In the afternoon, we went to see Léocadie, who finished nursing school last year. She was still living with her uncle in a new house in a nice hilltop location.

Léocadie was at home alone with her sister’s daughter. (She’s the one who a couple of years ago boldly told me, “Buy me a watch.” I did.)

Léocadie took the test for government service in October, but didn’t make it. She’s now making the rounds at the five or six clinics in Koudougou looking for an internship. In the health industry, apparently, they don’t give you an internship unless they have an opening. Then, if you do well, you get a job right away. She showed us her diploma.

So there’s nothing more we can do for Léocadie but wish her luck with the job hunt.

Next was Jacqueline, who finished her Licence diploma last November and was waiting to start her Master’s in Environment and Sustainable Development. Since her father died three years ago, I’ve been bringing her mother 100 kg of maize with every visit. I needed a receipt for my taxes, but the vendor couldn’t write. He asked the welder next door, who had a receipt pad but couldn’t write either. So Marcel filled out the receipt form of a welder for a sack of maize. You think the IRS will notice?

Last year we asked that the 100 kg sack be divided in two to be more manageable. But Marcel said, “No, I can handle it.” 220 pounds—are you sure Marcel? At Jacqueline’s we asked a neighbor to help with the sack. But it was too heavy. As they dragged it out of the trunk, it ripped open. Whoops!

Jacqueline came to the rescue and swept up just about every kernel from the street.

The guys then managed to lug the sack into the house.

After that, Marcel needed a rest.

Jacqueline her Mom and I then settled down to chat.

Although she doesn’t yet have her diploma—the University of Koudougou is behind on everything—they did give her an attestation that she sent to ISIG (New Dawn University) in Ouagadougou where she wants to study. Classes start on 25 January. She doesn’t yet know where she will live.

We have to think fast. Jacqueline’s sister Pélagie is bouncing around Ouaga taking internships and hoping for a job. She moves to a different relative’s home, depending on the internship, because she has no means of transport. Henri, a member of our Board, has been advising Pélagie on her CV and her job hunt. He recently said he would make a donation to buy her a motorbike.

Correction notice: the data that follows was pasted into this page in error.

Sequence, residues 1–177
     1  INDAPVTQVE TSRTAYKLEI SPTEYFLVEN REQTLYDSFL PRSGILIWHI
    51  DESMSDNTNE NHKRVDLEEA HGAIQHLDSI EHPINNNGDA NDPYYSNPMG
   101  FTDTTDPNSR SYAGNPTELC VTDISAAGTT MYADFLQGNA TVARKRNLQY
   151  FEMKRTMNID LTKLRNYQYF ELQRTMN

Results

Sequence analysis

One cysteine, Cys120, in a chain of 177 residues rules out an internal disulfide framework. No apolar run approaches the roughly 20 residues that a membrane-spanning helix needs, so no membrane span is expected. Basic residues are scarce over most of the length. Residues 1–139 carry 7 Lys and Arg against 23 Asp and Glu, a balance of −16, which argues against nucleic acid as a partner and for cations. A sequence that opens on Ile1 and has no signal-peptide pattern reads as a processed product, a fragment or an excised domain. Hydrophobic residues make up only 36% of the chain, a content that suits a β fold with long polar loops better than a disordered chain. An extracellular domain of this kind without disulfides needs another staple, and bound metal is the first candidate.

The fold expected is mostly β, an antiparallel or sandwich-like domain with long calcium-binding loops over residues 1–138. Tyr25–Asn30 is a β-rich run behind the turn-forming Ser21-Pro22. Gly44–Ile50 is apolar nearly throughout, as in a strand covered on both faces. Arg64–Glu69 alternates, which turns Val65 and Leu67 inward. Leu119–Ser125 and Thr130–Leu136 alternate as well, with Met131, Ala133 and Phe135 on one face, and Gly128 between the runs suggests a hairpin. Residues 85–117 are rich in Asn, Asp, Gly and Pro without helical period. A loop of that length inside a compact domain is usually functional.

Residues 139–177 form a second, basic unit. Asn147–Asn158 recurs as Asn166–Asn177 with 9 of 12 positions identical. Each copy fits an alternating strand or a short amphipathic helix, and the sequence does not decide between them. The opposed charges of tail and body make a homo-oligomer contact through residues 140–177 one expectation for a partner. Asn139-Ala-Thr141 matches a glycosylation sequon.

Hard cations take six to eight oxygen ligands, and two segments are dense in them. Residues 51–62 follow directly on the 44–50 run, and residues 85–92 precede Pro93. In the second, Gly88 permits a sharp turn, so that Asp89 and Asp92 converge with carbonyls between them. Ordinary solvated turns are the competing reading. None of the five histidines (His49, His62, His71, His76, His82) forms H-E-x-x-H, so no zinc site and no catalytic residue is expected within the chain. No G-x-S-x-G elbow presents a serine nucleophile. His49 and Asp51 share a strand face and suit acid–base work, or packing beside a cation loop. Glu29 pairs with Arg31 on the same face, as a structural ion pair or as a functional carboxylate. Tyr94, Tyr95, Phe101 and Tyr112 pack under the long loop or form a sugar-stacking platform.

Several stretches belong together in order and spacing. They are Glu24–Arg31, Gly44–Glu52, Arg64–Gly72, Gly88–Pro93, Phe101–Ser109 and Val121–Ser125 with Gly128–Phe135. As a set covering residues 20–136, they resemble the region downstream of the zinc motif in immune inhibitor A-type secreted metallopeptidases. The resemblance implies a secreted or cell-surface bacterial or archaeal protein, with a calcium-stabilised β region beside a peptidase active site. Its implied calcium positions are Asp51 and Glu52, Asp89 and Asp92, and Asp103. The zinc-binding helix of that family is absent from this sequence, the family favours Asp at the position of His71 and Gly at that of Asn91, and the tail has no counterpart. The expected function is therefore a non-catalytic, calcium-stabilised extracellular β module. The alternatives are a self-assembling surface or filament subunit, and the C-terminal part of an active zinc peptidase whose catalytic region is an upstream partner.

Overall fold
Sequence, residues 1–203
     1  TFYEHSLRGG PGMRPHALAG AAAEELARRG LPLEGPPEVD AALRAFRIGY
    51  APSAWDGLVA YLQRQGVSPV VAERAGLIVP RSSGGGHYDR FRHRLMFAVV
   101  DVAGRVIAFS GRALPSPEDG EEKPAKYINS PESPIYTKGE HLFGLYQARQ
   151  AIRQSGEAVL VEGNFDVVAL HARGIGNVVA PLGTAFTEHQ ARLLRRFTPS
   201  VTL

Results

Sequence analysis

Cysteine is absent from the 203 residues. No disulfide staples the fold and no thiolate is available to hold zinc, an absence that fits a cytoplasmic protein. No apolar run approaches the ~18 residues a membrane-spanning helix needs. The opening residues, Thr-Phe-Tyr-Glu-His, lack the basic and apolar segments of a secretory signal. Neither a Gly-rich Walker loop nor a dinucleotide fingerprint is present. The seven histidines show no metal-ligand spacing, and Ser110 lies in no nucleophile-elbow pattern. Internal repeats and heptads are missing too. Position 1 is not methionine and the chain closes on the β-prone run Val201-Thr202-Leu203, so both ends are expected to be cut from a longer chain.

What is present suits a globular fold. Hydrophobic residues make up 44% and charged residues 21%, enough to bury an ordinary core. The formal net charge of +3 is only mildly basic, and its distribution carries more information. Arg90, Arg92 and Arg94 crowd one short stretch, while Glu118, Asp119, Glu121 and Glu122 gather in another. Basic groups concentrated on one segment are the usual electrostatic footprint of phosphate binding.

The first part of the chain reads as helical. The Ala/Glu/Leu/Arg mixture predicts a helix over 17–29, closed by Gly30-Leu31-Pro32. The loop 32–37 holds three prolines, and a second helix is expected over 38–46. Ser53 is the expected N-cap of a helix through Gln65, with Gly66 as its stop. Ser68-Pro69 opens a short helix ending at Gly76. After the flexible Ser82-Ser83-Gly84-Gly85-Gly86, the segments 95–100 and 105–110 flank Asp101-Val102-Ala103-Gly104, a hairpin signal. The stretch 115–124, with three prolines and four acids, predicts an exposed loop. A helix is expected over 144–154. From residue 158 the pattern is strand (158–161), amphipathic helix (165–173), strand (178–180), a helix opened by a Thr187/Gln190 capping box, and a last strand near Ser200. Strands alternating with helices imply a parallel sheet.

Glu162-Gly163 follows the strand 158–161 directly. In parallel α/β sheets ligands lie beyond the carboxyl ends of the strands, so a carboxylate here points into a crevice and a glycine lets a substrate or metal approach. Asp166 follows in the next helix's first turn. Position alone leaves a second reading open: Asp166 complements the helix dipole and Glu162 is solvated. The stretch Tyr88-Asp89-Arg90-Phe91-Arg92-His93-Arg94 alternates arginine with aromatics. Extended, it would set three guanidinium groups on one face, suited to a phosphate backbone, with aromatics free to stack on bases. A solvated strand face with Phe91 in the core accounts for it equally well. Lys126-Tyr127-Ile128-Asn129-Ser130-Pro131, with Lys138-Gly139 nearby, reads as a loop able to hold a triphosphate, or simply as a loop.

Once Pélagie has a motorbike, she can live anywhere. Why not with her sister near ISIG? I suggested that Jacqueline and Pélagie find a third roommate to make the cost more manageable. Maybe we can pay 2/3 of the rent. An idea to pursue. Jacqueline seemed pleased. “Any questions,” I asked? “Just a thank you,” she replied.

We then went down the road to Edwige’s house. I had lost track of her and had no idea what she was doing. Her father greeted us at the gate and invited us to sit in the yard.


Edwige joined us. She said that after consulting Christiane she decided to do a Master’s in Administration and Management at the Free University of Burkina. But she depended on an aunt in Ouaga putting her up. The aunt had applied for a job out of town, and if she got it she was going to give up her apartment.

The aunt will know about the new job by 25 January. If she gets it, Edwige will be obliged to stay in Koudougou with her parents, in which case she will go back to the institute where she got her Licence degree last year.

She’s already been accepted at l’ULB, where courses started on 15 January. But they said they would accept her late. So now everything depends on her aunt. It seemed pretty straightforward. We said goodbye to them both.

I had to stop at a Cyber Café before returning home. My G-mail account was ringing off the hook with messages of concern. But the connection was very slow. It took about three minutes per e-mail. I got through about half of them.



Email: info@chanceforchangecharity.org